Improvements Forthcoming to City’s Pedestrian, Bicycle Infrastructure and Connectivity Trails

The city is moving forward with a feasibility study to plan and improve pedestrian and bicycle infrastructure and 1.4-mile connectivity trails linking the commercial corridors between Campbellton Road and Cascade Heights.

In April, the Atlanta City Council adopted 19-R-3375, a resolution introduced by District 11 Council member Marci Collier Overstreet to become a participating jurisdiction in the Atlanta Regional Commission’s Livable Centers Initiative feasibility study grant for the AeroATL Greenway Development Plan. The plan provides a framework for trail connectivity for the area around Hartsfield-Jackson Atlanta International Airport.

“District 11 will be a transformative community where the power of connectivity through the creation of safer pedestrian and bicycle infrastructure will promote vibrant, thriving communities,” Overstreet said. “This initiative will begin the process of connecting the city of Atlanta to surrounding cities and the world’s busiest airport by way of greenway.  It is vital that we support this feasibility study by working collectively as key stakeholders to improve our district.”

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The study will integrate previous plans and initiatives and incorporate the current needs and opportunities identified by local representatives of the cities and counties participating, key stakeholders and the public. The study area for the Greenway Development Plan includes Hartsfield-Jackson Atlanta International Airport, and the surrounding jurisdictions of Atlanta, Hapeville, East Point, Forest Park, Union City and Clayton County.

“The AeroATL Greenway Plan provides a visionary framework for trail connectivity across the Aerotropolis region. Building from the Blueprint Plan, this study represents an approach to connecting the Aerotropolis communities with an integrated, comprehensive bike/pedestrian trail system that provides access between job centers, everyday services, and the region’s cultural and natural assets,” said Gerald McDowell, executive director of Aerotropolis Atlanta CIDs. “This value-add is a win-win for all and continues to support our commitment to creating an economically strong, safe, attractive and vibrant community surrounding the world’s most-traveled passenger airport.”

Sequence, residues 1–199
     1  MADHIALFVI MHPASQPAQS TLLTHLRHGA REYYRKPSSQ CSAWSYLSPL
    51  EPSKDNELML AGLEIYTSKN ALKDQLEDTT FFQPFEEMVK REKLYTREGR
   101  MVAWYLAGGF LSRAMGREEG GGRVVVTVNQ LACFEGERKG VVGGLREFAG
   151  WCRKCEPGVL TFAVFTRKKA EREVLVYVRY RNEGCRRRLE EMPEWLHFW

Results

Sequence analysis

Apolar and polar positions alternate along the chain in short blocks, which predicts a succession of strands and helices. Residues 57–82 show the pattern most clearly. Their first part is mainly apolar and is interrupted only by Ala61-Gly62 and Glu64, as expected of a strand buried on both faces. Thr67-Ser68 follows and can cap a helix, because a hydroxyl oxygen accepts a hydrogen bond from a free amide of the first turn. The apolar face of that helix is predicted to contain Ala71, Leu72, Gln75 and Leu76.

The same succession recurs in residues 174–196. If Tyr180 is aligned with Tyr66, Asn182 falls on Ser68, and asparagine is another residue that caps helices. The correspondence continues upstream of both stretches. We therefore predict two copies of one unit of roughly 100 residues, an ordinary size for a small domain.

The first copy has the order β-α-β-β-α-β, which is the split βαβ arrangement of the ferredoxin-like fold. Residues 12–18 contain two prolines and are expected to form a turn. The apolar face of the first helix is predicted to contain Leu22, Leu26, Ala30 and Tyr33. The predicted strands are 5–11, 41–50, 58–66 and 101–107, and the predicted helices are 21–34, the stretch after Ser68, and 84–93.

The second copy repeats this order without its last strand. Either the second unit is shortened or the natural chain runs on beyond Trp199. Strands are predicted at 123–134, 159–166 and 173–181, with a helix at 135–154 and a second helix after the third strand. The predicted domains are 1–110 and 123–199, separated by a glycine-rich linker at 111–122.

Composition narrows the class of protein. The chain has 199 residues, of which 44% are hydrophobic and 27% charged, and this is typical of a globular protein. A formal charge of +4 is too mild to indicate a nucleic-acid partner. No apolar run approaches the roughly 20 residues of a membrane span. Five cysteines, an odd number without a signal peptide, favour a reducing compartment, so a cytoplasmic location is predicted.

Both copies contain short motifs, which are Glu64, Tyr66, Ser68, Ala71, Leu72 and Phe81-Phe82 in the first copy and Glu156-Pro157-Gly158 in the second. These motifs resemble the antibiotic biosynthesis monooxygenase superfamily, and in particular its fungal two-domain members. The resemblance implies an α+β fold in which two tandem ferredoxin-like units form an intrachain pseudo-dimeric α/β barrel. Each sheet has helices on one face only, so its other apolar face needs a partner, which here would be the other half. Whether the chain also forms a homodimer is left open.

In 2018, the City Council adopted Atlanta’s Transportation Plan, which promotes the improvement of health, safety and security for all users of the transportation system. The plan states that the south, southwest and western sides of the city of Atlanta have the lowest coverage of sidewalks and that high-quality sidewalks and bike infrastructure are important to facilitate access to transportation, retail, and the community.

Atlanta’s Transportation Plan also identified a High Injury Network (HIN) that includes streets where most fatal crashes occur because of a high concentration of vulnerable street users doing activities such as walking and bicycling.

The City of Atlanta Procurement Department will oversee the requests for proposals from outside agencies to support efforts of conducting the feasibility study.


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